• Random is paid to tell the team who hired him to come after Polaris a few issues ago.  This leads the two of them into a fight with Avalanche and The (Crimson) Commando, both of whom have been redone to look like generic horrible 90s villains.  It turns out that some government guy was testing Polaris as part of some kind of Magneto Protocol.  When confronted with his wrongdoing, the guy kills himself.
  • His boss apologizes to Forge, but then we discover that she is possessed by Malice, the Marauder that once possessed Polaris for a while.
  • Havok is upset about Jamie’s death so he leaves the team (and, by extension, Lorna), and heads off to Hawai’i for a vacation.
  • Random is offered a spot on the team but he turns it down.
  • He does give Guido and Rahne a lift to Guido’s aunt’s and uncle’s house in upstate New York.  Guido is a celebrity there, and everyone loves him, except, it seems, for the girl he liked as a teenager, who decided that she was pretty and didn’t need to be nice to him anymore.
  • We learn that Guido’s Bronx accent, which only gets stronger once Dezago starts scripting the book, has a mysterious provenance, as none of the people who raised him have one.  Were there editors in the 90s?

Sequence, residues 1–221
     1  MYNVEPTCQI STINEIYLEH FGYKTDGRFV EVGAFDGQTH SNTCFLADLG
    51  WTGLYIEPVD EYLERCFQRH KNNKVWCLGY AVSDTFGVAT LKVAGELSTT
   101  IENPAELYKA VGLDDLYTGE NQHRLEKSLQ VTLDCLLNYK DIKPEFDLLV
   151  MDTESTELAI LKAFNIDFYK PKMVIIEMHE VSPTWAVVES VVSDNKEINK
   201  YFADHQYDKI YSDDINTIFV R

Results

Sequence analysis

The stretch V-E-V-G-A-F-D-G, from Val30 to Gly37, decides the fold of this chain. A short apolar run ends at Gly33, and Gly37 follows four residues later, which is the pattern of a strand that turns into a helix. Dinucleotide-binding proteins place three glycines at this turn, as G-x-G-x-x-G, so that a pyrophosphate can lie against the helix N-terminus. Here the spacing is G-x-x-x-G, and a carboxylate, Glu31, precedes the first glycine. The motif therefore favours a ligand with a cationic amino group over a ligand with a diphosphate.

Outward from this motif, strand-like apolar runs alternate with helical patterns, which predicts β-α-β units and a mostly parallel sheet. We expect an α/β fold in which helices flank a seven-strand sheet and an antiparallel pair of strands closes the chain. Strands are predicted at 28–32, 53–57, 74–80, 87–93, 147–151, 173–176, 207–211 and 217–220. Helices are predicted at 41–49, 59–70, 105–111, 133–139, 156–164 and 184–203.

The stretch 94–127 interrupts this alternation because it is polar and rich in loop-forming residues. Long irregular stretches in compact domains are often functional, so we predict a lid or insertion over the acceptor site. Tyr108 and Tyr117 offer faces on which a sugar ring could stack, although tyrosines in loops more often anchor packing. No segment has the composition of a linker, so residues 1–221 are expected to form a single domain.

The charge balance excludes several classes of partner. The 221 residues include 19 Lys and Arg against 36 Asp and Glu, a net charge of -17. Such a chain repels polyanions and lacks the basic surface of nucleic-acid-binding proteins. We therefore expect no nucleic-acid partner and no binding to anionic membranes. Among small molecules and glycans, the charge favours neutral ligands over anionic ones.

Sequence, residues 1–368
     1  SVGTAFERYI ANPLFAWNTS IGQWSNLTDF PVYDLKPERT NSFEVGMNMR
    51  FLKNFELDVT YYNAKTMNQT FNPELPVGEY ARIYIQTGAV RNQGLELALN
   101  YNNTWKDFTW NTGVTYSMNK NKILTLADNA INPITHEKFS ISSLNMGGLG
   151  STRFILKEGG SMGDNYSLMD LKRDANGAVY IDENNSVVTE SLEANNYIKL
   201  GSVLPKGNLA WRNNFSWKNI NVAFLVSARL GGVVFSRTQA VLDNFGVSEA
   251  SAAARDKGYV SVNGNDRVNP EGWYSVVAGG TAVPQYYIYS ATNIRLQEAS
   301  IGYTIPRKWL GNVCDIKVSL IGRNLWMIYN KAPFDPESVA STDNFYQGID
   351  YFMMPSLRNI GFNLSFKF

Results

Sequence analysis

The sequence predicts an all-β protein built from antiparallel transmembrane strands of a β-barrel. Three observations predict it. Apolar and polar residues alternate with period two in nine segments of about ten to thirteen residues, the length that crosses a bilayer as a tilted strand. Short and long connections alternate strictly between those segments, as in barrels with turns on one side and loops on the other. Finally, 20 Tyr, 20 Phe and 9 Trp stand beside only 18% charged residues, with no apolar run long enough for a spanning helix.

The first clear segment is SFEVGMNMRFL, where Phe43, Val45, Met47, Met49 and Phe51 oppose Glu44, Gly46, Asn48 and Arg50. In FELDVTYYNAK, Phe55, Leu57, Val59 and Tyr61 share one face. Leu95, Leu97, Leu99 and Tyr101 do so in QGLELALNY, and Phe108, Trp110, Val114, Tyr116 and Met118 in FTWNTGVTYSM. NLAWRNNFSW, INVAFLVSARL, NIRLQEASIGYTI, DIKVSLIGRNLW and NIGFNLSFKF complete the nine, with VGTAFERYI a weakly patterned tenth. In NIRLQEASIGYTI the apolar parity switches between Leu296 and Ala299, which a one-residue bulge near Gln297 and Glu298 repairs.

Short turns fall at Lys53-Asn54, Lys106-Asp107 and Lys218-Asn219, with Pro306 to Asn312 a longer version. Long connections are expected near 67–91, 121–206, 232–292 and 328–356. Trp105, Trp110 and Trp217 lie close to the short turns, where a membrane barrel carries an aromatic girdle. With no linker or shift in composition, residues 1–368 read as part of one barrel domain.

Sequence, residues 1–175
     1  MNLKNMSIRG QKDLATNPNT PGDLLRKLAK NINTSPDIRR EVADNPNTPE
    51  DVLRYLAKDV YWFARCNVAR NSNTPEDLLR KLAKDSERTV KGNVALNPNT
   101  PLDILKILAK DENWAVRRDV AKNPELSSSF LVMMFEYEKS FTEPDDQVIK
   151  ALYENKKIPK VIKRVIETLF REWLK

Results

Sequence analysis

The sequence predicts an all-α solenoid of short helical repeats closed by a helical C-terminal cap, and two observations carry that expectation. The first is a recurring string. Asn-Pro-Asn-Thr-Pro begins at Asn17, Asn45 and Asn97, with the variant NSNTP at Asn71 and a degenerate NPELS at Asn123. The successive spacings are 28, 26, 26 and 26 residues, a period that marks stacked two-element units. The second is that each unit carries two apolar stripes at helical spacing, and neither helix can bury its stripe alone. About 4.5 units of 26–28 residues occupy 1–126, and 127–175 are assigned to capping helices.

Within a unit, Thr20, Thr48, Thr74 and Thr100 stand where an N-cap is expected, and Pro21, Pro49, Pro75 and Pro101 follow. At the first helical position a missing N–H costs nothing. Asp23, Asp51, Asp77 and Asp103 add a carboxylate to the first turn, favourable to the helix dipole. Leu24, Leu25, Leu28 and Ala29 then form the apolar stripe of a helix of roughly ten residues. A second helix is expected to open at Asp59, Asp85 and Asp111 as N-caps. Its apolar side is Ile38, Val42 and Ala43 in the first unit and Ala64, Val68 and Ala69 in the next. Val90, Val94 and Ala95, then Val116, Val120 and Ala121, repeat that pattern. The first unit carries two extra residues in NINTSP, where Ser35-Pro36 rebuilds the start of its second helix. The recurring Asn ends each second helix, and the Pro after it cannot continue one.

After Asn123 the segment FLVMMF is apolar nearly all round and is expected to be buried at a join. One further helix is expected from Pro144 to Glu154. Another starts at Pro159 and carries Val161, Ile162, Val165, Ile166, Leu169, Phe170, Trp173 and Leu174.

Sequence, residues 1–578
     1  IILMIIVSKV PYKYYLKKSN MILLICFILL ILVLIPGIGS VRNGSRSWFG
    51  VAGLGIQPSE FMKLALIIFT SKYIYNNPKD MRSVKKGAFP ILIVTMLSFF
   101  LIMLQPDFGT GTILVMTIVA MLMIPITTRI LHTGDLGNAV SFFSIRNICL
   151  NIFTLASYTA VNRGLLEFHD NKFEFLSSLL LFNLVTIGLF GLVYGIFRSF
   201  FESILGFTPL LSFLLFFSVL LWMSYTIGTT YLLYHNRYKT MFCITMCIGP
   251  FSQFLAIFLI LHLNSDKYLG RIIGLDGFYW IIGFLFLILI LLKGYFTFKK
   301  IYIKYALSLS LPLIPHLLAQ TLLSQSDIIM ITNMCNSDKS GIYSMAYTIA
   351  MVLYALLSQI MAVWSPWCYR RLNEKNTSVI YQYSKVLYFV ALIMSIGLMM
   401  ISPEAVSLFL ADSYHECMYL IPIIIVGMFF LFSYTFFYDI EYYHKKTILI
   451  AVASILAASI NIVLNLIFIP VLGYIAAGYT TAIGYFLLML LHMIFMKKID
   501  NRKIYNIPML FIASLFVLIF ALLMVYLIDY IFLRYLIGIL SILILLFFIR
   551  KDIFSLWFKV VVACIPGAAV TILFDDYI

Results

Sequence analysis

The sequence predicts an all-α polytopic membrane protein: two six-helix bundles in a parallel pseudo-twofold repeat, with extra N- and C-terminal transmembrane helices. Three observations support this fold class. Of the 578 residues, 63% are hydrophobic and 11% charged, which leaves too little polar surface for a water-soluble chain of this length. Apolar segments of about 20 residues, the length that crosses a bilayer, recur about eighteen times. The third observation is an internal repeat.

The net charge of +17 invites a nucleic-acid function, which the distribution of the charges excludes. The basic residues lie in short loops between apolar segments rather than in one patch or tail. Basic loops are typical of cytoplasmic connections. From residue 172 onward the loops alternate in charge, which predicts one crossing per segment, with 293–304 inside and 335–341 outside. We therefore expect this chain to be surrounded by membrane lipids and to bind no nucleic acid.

• There is a nice moment between Guido’s young cousin and Rahne.
  • Lorna follows Alex to Hawai’i, and they have a nice night together, after which Malice shows up and possesses Alex, wanting to use his powers to kill Lorna.
  • They fight, and then Mr. Sinister and the Nasty Boys show up to try to help Lorna.  Valerie Cooper brings Guido and Rahne to help, and after a lot of fighting, Malice is destroyed.
  • It looks like one of Jamie’s dupes shows up at the Brownstone, but the art makes it all kind of questionable.  Obviously Jamie is not dead now, but I don’t remember when or how he ever came back.

Not able to keep to anything resembling a monthly schedule, Joe Quesada only drew some of issue 90, and then not any of issue 91, although the credits in the comic say he did. He returns for issue 92, and then is gone from the book forever.